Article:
Sevilla First Impressions

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If you follow me on Instagram, you probably know that I have been in Sevilla, or Seville, Spain, for just over a week. I am here for work, that pesky PhD research refuses to do itself, but I have off time too, which I have dutifully spent sightseeing.

 

 

The city is magical.

I had never seen so many beautiful sunsets so often in my entire life. And they are not just a burst of color near the sun; no, that is not the Sevilla way. The sky turns a mixture of cotton-candy pastels colors and fire-in-the-sky reds and oranges, all superimposed on beautiful blue skies.

 

 

And speaking of oranges, the city’s historic district is peppered with orange trees, and those trees are overflowing with fruit, giving the entire place a surreal look, like something out of a painting. To me, these orange trees are equal parts beautiful and terrifying. Beautiful because, well, look at them! Terrifying because, as silly as it sounds, I really worry that one is going to fall on my head while walking underneath. It probably won’t happen, but there are oranges on the ground so they DO fall! Just saying!

 

 

The best part, of course, is the food. Tapas, tapas everywhere! If I am honest, I much prefer a large plate of food rather than a bunch of smaller ones, but I don’t think I am in the majority. Near the cathedral, which is the heart of the tourist center in the city, there is nothing but restaurants, bars, and cafes on the ground floors of the buildings. So you have lots of choices!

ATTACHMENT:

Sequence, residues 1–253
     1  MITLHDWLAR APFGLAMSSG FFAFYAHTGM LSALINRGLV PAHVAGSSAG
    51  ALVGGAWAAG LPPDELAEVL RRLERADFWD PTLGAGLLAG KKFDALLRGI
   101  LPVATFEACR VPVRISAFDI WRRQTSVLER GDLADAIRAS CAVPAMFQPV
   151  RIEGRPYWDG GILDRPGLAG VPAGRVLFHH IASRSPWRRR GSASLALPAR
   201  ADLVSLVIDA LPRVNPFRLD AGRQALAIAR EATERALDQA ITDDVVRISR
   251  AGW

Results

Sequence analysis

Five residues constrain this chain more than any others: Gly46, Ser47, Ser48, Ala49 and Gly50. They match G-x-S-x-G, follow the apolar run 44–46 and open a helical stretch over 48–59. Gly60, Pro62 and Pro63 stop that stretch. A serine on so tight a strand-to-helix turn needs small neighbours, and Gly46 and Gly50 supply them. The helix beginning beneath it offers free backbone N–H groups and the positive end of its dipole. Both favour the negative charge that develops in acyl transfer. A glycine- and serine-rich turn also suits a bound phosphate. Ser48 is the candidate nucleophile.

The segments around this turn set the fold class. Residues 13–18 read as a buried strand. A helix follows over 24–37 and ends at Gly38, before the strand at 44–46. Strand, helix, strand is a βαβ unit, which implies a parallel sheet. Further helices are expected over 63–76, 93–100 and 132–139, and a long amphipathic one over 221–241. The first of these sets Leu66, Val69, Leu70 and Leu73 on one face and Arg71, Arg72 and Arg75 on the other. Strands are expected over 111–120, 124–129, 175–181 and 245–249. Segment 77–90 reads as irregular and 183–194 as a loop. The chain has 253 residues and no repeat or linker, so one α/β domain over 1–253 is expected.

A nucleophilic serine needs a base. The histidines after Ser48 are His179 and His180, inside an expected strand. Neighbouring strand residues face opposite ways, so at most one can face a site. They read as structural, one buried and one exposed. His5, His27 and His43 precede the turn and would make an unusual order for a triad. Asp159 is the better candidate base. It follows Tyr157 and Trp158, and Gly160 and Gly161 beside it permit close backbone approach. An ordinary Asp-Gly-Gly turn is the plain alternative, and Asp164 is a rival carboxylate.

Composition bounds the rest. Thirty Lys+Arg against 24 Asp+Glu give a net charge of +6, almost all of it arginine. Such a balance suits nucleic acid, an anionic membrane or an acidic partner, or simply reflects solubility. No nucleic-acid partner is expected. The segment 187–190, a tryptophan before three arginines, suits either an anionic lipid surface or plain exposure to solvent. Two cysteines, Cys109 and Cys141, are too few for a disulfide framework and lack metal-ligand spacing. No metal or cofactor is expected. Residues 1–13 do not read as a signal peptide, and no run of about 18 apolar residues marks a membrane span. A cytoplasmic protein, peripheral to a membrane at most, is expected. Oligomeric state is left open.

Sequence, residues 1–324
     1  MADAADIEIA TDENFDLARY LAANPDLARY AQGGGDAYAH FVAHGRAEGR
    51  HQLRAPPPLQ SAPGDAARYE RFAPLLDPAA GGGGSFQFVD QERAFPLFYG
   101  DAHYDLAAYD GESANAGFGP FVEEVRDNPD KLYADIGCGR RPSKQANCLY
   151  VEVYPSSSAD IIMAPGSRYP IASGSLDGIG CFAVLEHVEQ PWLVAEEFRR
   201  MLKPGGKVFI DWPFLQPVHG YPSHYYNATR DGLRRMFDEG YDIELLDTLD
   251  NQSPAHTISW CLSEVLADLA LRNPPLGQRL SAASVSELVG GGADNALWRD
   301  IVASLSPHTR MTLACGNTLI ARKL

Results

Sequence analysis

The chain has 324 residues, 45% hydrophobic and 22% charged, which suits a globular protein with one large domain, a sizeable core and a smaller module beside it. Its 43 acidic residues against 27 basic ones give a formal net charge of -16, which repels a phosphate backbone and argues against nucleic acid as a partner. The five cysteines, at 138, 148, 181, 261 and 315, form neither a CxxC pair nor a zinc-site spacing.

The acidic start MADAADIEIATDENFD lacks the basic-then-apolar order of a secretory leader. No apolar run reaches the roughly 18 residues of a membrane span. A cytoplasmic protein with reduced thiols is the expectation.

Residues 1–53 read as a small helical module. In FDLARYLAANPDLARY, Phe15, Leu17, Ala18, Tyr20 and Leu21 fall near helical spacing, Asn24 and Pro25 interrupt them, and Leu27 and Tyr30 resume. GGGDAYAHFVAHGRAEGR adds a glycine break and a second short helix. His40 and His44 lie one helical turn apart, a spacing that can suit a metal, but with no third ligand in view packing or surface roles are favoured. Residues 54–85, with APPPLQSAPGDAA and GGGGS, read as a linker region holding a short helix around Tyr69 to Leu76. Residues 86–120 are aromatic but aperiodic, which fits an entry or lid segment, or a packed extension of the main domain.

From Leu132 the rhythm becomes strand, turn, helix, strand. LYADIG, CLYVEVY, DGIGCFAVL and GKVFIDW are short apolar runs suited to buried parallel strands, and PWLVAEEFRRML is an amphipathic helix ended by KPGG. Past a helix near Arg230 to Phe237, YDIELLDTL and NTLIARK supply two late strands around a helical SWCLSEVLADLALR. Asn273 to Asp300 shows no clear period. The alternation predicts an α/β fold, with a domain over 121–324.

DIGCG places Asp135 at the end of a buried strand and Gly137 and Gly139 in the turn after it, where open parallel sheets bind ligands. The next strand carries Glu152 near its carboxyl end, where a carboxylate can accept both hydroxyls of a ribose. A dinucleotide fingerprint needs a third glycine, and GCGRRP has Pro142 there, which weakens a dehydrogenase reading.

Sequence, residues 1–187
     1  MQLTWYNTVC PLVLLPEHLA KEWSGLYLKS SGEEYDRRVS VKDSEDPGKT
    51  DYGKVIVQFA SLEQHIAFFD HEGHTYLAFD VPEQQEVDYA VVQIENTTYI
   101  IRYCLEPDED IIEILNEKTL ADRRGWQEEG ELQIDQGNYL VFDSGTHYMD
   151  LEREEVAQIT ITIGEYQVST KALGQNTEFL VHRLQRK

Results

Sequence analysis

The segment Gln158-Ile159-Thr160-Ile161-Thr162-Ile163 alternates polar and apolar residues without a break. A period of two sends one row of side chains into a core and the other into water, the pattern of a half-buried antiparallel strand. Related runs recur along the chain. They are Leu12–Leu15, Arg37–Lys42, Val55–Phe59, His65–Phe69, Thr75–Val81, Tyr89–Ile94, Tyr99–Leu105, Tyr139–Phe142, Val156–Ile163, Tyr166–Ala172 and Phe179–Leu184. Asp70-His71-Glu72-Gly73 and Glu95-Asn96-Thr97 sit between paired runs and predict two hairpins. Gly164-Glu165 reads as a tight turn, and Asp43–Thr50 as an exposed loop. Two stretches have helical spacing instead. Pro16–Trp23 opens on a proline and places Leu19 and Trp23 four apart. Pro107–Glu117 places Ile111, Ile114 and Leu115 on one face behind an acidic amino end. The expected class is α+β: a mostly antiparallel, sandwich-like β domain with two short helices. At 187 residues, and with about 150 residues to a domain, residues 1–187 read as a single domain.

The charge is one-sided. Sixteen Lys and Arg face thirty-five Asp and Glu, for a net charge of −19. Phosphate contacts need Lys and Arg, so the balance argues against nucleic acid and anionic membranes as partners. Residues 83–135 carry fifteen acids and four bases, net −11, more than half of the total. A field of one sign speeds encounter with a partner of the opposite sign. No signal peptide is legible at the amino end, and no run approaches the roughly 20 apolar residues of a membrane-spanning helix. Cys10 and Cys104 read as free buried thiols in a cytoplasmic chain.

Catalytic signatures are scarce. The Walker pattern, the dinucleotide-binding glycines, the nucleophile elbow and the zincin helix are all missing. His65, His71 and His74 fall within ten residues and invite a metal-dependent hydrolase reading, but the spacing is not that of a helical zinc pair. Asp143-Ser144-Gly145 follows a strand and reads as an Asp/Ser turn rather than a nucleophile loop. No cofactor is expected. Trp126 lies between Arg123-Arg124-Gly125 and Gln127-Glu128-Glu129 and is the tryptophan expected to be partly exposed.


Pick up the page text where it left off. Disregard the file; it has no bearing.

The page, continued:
This is not high season, and although there are plenty of tourists around, it is nowhere near as busy as I am told it gets later in the spring. The lines are still short, and the weather is cool. There are locals around so I don’t feel like I am in the shell of a city now inhabited only by tourists (I’m looking at you, Venice).

Oh, the weather! I grossly underestimated how cold it is here! Coming from New York City, when I read that the weather forecast for the next 10 days was in the 50s, I thought I’d leave my puffer coat at home. Well, big mistake. It’s so cold in the narrow, cobblestone streets. So cold.

 

 

The old part of town was built for the heat of summer, with narrow lanes with buildings on opposite sides of the street so close together that sun does not reach the streets or sidewalks. Some of these streets, if you can call them that, are so narrow that two people cannot walk side by side. This is great in the summer as it keeps the city cool, but in the winter it produces a chill that gets into your bones. It’s like no 50-degree weather I’ve ever experienced.

 

 

And on the subject of narrow streets, I am staying in the Santa Cruz neighborhood, which is the main tourist area of the city. However, my apartment is just beyond the touristy hotspot and in a quiet street. I have the most wonderful commute to work. Walking through narrow streets, of course. This is made all the more magical by the fact that I make this walk every morning before dawn, during blue hour.

It’s not that early, the sun rises around 8:30am right now, but early enough that the only people around are locals going to work, local kids going to school, and me.

Sevilla, que maravilla!

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